TOPIC :- 3-D Printing
ACHARYA INSTITUTE OF MANAGEMENT AND SCIENCES
(Affiliated to Bangalore University)
WHAT could well be the next great technological disruption is fermenting away, out of sight, in small workshops, college labs, garages and basements. Tinkerers with machines that turn binary digits into molecules are pioneering a whole new way of making things—one that could well rewrite the rules of manufacturing in much the same way as the PC trashed the traditional world of computing.
The machines, called 3D printers, have existed in industry for years. But at a cost of $100,000 to $1m, few individuals could ever afford one. Fortunately, like everything digital, their price has fallen. So much so, industrial 3D printers can now be had for $15,000, and home versions for little more than $1,000 (or half that in kit form). “In many ways, today’s 3D printing community resembles the personal computing community of the early 1990s,” says Michael Weinberg, a staff lawyer at Public Knowledge, an advocacy group in Washington, DC.
As an expert on intellectual property, Mr Weinberg has produced a white paper that documents the likely course of 3D-printing's development—and how the technology could be affected by patent and copyright law. He is far from sanguine about its prospects. His main fear is that the fledgling technology could have its wings clipped by traditional manufacturers, who will doubtless view it as a threat to their livelihoods, and do all in their powers to nobble it. Because of a 3D printer's ability to make perfect replicas, they will probably try to brand it a piracy machine. Manufacturers of famous brands have had to contend with rip-offs since time immemorial. Whole neighborhoods exist in Hongkong, Bangkok and even Tokyo that turn out imitation designer handbags, shoes and watches. China has flooded the world with cheap replacement parts based on designs pirated from the original equipment manufacturers. But while the pirates' labour rates and material costs may be far lower, the tools they use to make fakes are essentially the same as those used by the original manufacturers. Equipment costs alone have therefore limited the spread of the counterfeiting industry. But give every sweatshop around the world a cheap 3D printer coupled to a laser scanner, and pirated goods could well proliferate. The first thing to know about 3D printing is that it is an “additive”, rather than a “subtractive”, form of processing. The tools are effectively modified ink-jet printers that deposit successive layers of material until a three-dimensional object is built up. In doing so, they typically use a tenth of the material needed when machining a part from bulk. The goop used for printing can be a thermoplastic such as acrylonitrile butadiene styrene (ABS), polylactic acid or polycarbonate, or metallic powders, clays and even living cells depending on the application (see “Making it”, November 25th 2011).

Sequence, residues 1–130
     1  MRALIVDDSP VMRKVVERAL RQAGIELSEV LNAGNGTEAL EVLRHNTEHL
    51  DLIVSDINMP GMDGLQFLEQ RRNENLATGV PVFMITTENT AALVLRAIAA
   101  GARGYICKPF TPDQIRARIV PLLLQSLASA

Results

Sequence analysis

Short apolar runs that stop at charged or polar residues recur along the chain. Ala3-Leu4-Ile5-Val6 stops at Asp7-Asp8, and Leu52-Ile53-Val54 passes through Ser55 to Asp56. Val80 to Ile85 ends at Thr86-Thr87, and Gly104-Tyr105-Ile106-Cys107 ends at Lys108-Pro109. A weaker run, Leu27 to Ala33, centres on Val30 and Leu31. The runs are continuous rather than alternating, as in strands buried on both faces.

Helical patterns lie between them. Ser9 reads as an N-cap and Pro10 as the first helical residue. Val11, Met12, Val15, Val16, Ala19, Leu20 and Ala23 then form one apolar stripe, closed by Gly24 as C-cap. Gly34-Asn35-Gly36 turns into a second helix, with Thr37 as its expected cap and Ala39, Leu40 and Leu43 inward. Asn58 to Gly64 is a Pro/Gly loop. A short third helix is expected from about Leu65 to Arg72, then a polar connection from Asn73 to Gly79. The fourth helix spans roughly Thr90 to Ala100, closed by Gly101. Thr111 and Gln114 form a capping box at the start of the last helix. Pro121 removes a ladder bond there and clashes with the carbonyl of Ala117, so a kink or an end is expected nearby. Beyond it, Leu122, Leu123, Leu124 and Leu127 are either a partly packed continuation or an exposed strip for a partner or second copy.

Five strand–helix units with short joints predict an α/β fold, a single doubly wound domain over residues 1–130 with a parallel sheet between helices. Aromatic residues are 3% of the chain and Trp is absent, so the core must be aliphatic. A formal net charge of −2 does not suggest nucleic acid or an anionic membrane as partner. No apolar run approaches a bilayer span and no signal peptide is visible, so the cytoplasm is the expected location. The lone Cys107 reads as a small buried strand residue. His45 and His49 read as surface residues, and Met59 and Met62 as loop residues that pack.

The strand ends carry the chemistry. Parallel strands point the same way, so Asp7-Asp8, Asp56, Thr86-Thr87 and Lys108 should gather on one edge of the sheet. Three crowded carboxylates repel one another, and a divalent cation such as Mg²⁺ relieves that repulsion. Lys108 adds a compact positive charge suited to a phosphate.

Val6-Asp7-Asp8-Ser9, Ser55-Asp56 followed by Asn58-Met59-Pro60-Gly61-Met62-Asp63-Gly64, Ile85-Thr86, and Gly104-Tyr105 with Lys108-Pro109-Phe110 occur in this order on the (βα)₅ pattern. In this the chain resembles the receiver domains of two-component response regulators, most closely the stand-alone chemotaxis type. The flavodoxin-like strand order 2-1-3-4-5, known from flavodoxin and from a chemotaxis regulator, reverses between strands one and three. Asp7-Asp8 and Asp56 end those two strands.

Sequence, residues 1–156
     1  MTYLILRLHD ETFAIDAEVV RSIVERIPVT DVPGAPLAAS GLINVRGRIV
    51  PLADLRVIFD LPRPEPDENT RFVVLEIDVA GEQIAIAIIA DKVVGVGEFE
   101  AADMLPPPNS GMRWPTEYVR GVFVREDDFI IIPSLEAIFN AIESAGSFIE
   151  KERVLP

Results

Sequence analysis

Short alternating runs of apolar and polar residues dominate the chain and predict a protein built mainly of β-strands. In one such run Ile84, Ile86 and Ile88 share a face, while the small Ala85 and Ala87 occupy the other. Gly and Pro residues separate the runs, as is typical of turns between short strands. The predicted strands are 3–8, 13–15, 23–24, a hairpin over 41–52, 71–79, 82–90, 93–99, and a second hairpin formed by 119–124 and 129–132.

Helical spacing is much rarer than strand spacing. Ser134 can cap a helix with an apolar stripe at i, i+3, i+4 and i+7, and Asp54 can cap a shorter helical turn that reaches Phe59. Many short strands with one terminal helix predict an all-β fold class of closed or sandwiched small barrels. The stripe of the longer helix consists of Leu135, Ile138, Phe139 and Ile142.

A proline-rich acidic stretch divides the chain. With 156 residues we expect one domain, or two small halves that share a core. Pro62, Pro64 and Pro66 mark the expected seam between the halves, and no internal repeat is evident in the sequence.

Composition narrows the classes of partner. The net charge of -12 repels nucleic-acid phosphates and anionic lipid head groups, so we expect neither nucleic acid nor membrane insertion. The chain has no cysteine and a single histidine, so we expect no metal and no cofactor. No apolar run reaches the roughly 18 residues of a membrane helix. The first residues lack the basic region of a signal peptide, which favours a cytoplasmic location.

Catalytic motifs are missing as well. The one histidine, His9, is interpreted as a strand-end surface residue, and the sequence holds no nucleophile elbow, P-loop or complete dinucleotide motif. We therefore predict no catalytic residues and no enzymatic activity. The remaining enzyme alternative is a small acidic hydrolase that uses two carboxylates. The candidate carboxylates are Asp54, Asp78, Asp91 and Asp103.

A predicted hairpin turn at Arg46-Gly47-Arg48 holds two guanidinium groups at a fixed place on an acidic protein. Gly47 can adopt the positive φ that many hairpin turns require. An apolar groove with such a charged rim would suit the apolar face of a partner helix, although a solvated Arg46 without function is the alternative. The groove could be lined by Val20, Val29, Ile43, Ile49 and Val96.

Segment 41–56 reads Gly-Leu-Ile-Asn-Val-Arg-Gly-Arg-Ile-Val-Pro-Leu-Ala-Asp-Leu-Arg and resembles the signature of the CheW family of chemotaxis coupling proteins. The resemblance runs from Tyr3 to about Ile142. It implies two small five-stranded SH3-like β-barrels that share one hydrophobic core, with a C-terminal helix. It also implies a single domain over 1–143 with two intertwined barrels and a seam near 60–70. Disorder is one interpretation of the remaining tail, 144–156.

As far as intellectual property is concerned, the 3D printer itself is not the problem. But before it can start making anything, it needs a CAD (computer-aided design) file of the object to be produced, along with specialised software to tell the printer how to lay down the successive layers of material. The object can be designed on a computer using CAD software, or files of standard objects can be downloaded from open-source archives such as Thingiverse and Fab@Home. Most likely, though, the object to be produced is copied from an existing one, using a scanner that records the three-dimensional measurements from various angles and turns the data into a CAD file.
Earlier this year, for instance, one hobbyist worked out how to print the popular “Penrose Triangle”, an optical illusion that cannot exist in normal three-dimensional Euclidean space, and released a video challenging others to say how it was done....